Linking Air Pollution to Agriculture

Considerable study has been devoted to climate change and its deleterious effect on agriculture and food supply—but one less-investigated aspect has been the interaction between rising temperatures and air pollution. Atmospheric chemist Colette Heald, Mitsui Career Development Associate Professor in the Department of Civil and Environmental Engineering and Department of Earth, Atmospheric and Planetary Sciences, is a coauthor of the first study bringing those occurrences together.

Published in Nature Climate Change, the study looks at global production models of rice, wheat, corn, and soy, with effects of ozone and temperature varying by crop (wheat is more sensitive to ozone exposure, while corn is more affected by heat) as well as by region. In one worst-case scenario, Heald predicts malnourishment in developing countries could jump from 18% to 27% by 2050.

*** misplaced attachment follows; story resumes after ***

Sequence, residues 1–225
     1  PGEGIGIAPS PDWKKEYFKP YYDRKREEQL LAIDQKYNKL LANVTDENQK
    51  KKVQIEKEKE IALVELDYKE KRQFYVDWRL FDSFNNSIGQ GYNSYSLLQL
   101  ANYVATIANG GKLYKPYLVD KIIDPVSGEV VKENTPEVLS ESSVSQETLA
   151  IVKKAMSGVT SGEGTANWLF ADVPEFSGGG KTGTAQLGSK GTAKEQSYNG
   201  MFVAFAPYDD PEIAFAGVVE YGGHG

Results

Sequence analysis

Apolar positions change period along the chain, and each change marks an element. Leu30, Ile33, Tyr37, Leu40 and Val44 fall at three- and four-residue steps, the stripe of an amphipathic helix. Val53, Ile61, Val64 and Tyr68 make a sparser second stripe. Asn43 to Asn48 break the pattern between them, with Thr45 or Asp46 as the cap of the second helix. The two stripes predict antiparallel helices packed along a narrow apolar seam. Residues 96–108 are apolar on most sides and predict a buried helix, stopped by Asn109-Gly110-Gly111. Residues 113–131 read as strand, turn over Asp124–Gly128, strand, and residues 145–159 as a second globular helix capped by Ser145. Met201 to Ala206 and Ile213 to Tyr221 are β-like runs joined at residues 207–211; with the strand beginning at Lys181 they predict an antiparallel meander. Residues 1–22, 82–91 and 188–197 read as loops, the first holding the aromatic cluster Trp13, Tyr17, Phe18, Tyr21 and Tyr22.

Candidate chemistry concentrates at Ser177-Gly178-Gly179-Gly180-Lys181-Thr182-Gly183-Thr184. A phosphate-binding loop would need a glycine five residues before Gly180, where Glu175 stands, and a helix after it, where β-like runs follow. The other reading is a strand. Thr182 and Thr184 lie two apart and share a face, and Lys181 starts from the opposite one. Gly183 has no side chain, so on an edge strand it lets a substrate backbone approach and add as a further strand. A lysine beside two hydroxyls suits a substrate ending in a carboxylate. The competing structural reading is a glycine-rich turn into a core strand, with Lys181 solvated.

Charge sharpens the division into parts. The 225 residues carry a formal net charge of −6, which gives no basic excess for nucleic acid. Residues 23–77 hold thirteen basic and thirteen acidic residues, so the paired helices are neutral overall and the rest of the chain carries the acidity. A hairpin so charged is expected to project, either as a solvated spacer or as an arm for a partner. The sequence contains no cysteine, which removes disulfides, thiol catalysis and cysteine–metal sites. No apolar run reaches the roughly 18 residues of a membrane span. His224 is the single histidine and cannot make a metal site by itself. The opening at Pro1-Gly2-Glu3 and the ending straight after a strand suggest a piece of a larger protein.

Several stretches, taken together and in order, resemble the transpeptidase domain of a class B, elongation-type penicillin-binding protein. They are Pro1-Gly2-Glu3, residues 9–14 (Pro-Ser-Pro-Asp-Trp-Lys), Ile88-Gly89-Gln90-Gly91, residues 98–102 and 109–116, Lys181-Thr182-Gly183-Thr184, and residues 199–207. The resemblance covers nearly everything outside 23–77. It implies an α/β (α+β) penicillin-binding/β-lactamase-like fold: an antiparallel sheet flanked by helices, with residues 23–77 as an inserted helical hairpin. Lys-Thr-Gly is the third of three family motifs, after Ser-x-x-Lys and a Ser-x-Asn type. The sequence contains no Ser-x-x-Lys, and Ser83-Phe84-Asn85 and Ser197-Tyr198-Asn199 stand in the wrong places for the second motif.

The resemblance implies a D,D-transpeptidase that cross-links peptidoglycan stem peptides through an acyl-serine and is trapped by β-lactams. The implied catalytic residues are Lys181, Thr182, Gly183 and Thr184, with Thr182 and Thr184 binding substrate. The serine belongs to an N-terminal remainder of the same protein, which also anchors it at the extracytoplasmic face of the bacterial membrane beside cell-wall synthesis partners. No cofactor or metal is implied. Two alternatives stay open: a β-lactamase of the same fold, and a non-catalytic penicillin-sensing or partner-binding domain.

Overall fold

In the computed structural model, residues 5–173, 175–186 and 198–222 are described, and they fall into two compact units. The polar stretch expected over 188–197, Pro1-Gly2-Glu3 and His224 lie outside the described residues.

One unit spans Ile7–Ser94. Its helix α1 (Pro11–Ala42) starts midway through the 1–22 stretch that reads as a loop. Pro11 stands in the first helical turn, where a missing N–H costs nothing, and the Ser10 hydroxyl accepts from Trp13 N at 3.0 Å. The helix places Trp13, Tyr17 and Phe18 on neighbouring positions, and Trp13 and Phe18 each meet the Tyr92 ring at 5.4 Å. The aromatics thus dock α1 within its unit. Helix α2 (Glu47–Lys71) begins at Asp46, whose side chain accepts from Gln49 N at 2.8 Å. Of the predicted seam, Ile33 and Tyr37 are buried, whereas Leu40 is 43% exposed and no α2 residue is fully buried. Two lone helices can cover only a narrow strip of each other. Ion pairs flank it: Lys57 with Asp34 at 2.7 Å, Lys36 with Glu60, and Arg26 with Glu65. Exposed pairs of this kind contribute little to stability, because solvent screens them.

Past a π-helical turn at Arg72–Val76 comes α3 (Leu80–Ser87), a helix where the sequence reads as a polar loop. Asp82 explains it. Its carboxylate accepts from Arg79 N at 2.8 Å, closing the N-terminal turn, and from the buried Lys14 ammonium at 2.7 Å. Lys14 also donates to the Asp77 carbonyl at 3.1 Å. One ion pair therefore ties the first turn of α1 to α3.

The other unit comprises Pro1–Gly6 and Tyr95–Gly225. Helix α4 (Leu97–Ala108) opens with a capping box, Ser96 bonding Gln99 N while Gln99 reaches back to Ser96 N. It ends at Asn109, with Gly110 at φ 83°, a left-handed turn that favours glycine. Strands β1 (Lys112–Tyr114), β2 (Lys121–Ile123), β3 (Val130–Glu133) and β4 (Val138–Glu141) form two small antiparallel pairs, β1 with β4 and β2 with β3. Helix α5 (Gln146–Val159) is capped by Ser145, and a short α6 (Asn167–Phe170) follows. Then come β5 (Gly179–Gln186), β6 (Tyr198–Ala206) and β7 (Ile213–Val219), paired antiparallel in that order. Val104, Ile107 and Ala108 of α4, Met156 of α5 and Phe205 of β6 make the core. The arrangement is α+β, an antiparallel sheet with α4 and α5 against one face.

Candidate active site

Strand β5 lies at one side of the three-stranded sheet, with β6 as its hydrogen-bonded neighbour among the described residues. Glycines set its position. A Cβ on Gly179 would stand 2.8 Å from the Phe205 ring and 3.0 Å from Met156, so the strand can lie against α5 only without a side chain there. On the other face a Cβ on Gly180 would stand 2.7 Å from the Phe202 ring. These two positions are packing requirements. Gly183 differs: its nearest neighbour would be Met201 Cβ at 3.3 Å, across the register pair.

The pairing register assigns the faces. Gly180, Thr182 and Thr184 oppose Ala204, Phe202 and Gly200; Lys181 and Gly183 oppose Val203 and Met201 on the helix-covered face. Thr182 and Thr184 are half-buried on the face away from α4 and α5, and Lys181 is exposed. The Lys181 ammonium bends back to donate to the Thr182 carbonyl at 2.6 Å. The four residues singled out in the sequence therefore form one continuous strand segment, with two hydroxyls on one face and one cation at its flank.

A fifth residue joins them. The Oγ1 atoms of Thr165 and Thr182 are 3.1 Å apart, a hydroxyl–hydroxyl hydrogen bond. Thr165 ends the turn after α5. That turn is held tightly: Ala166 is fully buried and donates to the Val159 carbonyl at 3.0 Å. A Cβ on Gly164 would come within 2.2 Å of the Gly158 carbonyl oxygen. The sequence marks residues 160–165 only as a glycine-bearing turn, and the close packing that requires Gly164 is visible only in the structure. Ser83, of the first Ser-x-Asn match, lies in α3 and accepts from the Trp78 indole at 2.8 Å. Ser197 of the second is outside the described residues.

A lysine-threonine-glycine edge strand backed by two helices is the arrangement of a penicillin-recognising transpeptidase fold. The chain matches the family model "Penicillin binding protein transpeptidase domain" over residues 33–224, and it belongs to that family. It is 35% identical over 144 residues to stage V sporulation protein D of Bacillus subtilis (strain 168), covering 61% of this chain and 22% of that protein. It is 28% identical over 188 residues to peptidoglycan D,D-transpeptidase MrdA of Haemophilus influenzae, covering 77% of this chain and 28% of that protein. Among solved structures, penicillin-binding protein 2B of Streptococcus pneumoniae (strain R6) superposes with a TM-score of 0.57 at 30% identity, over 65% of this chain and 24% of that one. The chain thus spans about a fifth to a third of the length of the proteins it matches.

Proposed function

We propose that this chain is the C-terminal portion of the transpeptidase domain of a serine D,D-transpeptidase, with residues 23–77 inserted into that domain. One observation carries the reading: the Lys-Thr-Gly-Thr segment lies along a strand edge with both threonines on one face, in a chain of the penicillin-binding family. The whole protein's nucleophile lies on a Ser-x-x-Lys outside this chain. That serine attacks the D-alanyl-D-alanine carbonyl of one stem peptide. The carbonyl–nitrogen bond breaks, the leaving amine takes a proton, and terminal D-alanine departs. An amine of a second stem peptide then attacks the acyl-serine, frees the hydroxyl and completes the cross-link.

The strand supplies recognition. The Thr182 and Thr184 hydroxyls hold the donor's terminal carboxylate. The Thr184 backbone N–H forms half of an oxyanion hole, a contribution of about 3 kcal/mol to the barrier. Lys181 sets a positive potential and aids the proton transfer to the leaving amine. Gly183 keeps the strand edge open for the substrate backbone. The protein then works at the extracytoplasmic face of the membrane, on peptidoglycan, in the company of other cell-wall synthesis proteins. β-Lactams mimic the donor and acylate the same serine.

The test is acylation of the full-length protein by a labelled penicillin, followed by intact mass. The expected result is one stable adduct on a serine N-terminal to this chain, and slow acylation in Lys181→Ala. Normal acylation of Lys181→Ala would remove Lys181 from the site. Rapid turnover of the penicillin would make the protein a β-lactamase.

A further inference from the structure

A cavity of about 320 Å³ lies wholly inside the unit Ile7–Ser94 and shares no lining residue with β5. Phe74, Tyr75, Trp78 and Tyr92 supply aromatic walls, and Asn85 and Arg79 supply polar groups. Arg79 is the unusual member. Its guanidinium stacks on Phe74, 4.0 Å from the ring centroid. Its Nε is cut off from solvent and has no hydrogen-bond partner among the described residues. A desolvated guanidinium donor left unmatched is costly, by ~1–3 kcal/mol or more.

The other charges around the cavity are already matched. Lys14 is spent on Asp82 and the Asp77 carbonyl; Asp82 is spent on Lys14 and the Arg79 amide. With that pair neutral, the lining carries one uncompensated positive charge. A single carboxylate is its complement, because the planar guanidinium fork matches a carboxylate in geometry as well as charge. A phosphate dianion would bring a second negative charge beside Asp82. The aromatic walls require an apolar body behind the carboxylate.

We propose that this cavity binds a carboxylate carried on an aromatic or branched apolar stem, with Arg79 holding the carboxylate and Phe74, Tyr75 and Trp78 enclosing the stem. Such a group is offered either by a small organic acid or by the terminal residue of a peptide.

Heald believes that some of the worst impacts can be mitigated with more accurate climate and pollution data, which could help inform farmers’ choices about what to grow. But, she notes, “limiting the environmental risk to food production worldwide requires government intervention to reduce emissions, and society needs to think about tackling CO2 sooner rather than later.”

Linking her broader examination of atmospheric composition to air pollution, climate change, and other environmental factors “is a real societal driver behind my research,” Heald says. “While I don’t actually work in the policy world myself, it underpins my research, and that’s a very motivating connection.”